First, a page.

Religious Leaders Of America's Past-Francis Asbury
Asbury led all the Methodists in America for the next thirty-two years. His leadership was opposed when some prominent members challenged his idea for a ruling council. Thomas Coke advised that a General Conference be established to send delegates.His is the story of a leader of the Methodist religion, It is an important chapter in the history of religion in America.
Courthouses, public houses, Tobacco houses, fields and public squares were Asbury's preaching domain. Anywhere a crowd would assemble was where he would go. He was following the ways of John Wesley, by preaching in unconventional places. He rode about 6000 miles a year to preach, conduct meetings and conferences. The Methodist church in America grew from 1200 to 214,000 members. There were 700 ordained ministers including Richard Allen the first black minister in the United States.
In addition to Asbury riding the circuit there were circuit riders and local ministers who help another full time jobs. Many circuit riders were laymen who traveled by horseback to preach the gospel and establish churches and covered most of the United States of that time.
Rode and preached until his death
Asbury’s himself, between 1772 and 1776 preached in Pennsylvania, Maryland, Virginia and West Virginia During the year of the Revolutionary War until 1780 was partially retired in Maryland and Delaware.
In addition to circuit riders he advocated camp meetings and made them an important part of American Methodism. Camp meetings and made them important to American Methodism.
Bishop Asbury was still on a preaching tour when he died, on March 31, 1816 in Spotsylvania, Virginia. He is buried at mount Olivet Cemetery.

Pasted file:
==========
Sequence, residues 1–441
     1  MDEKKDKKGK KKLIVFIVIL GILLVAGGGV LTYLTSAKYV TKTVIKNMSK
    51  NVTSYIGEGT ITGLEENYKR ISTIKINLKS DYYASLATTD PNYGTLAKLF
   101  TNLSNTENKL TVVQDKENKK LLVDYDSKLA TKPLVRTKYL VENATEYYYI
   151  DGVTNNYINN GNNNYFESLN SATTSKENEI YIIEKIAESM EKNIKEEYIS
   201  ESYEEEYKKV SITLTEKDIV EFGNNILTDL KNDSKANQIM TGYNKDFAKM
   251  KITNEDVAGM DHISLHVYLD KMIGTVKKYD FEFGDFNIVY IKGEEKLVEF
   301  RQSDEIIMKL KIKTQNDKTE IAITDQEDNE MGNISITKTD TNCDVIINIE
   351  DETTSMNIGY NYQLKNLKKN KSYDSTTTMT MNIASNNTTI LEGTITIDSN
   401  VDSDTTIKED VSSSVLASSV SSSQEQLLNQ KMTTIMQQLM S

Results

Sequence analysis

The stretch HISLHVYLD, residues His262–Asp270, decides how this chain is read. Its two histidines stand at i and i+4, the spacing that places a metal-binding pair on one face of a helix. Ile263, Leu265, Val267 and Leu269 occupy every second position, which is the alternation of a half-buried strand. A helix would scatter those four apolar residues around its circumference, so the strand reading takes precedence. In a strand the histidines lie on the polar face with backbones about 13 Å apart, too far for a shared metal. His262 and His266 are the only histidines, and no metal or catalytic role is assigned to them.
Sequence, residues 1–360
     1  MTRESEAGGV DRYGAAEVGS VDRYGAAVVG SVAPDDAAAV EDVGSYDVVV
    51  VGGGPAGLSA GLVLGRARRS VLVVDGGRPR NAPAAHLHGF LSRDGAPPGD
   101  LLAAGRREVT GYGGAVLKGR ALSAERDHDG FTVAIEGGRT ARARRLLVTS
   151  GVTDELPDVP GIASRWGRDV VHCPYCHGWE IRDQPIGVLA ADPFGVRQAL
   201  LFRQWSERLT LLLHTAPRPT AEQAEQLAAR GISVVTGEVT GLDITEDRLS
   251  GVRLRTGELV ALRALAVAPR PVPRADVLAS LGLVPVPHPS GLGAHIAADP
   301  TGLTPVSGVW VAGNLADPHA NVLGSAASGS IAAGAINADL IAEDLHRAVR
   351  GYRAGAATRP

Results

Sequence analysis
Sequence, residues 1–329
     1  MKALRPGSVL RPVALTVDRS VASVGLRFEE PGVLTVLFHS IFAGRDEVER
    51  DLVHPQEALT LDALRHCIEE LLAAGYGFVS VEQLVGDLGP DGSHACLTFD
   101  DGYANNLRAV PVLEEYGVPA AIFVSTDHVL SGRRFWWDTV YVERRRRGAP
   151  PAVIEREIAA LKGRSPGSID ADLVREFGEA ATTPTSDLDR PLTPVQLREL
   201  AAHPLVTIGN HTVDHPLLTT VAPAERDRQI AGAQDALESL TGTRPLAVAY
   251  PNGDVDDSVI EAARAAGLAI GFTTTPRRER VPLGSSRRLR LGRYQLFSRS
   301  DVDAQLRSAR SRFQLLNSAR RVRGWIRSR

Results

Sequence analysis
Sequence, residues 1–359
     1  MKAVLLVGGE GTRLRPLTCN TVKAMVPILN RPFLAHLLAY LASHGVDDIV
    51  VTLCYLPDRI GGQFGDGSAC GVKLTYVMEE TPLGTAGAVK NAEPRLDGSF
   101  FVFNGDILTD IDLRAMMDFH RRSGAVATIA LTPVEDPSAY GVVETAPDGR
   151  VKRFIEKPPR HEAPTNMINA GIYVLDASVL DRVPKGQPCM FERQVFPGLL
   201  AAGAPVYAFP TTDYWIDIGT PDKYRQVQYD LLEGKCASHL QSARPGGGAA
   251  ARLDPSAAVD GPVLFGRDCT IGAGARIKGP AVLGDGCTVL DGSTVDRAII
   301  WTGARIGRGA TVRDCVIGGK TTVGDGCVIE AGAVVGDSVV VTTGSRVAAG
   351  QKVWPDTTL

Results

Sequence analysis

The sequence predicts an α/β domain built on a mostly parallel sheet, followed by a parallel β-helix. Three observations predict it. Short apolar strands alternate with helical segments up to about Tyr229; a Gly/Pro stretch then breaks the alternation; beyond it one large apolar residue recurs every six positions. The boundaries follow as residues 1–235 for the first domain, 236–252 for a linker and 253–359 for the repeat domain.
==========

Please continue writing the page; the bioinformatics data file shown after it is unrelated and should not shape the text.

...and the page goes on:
- Methodist Circuit Riders: Churchmen of the Frontier
During the period of the First and Second Great Awakenings, the entirety of frontier America became a church as ministers of various Christian denominations went out spreading the Word of God. Of these...
First Methodist Bishop
Francis Asbury was the first Methodist Bishop in America. He was born August 20, 1745 in Hamstead Bridge, Staffordshire, England. He along with a number of circuit riding preachers spread the Methodist faith on the frontier. For many the circuit riders and lay preachers were the only religious contact they had.
John Wesley, an English Anglican, was the founder of Methodism. It was by and large a movement within the Anglican Church, which was not originally intended to be a separate entity. For example members took sacraments at the Anglican churches. In America the pattern changed. At the Baltimore conference in 1784 it got its official beginning. The tendency was to ignore the established Anglican parishes. It became the Methodist Episcopal Church and had its own chapels. Now it has been absorbed into the United Methodist Church.
His parents were poor so he got his education in common school. The family was He became a local preacher at eighteen and was ordained in the Methodist Church when he was twenty-two. In 1771 he volunteered to go to America. When the American Revolution broke out in 1776 he was the only Methodist Minister who stayed. In 1784 John Wesley, the founder of Methodism, made Asbury and Thomas Coke co-superintendents of the work in America. Thus the “Methodist Church of the USA” was started
Some of the Tributes to Bishop Asbury:
- Asbury and George Whitefield are honored with a feast day on the calendar of the Episcopal Church (USA)
- Three schools are named for Asbury.
- Asbury University in Wilmore, Kentucky
- Asbury Theological Seminary in Wilmore, Kentucky.
- Francis Asbury Elementary School in Hampton, Virginia.
- DePauw University in Greencastle, Indiana was originally Indiana Asbury College.
Asbury Park, N.J. was named for him.In 1921 a statue of him was put in Washington, D.C.In the National Park a hiking trail follows the path Asbury took when crossing the mountains in the early 1800’s.The home he grew up in is now a museum in West Branch, England.